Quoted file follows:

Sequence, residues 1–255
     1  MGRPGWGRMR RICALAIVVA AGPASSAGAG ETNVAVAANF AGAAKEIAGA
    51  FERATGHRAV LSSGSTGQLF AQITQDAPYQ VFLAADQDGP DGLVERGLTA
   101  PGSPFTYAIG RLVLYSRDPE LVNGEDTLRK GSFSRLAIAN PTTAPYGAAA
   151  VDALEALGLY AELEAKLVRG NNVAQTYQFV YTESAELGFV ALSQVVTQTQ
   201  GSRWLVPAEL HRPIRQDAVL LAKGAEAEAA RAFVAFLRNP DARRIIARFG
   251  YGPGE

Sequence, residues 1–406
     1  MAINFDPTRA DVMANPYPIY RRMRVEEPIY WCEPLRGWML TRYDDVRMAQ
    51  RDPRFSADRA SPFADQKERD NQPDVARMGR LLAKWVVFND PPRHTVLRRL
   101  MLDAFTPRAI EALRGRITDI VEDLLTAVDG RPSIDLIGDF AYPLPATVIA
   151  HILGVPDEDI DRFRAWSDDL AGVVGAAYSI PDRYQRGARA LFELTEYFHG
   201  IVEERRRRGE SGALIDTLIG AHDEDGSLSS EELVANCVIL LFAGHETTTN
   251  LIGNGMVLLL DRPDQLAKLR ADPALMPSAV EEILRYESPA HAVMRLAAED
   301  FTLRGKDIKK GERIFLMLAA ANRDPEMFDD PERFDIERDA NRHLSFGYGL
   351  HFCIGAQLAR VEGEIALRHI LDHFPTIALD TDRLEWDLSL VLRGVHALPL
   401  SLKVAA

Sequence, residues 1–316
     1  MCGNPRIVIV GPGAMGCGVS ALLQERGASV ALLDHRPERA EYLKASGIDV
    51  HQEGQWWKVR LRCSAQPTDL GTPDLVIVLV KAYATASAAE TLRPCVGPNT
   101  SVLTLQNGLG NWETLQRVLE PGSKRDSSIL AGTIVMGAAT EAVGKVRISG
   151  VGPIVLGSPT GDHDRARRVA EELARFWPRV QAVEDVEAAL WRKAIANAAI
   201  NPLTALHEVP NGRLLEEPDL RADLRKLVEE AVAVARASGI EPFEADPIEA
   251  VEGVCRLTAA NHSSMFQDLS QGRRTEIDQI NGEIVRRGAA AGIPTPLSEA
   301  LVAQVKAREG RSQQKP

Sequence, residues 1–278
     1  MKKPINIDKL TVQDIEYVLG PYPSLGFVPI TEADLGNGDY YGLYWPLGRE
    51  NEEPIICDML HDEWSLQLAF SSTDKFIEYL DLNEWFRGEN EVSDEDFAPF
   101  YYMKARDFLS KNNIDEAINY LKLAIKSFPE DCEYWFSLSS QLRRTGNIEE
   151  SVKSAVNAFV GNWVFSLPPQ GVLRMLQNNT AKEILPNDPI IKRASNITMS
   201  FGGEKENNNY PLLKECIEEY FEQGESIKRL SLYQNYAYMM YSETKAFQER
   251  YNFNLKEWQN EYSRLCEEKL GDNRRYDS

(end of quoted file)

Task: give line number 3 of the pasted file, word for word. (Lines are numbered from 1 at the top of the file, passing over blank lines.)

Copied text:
    51  FERATGHRAV LSSGSTGQLF AQITQDAPYQ VFLAADQDGP DGLVERGLTA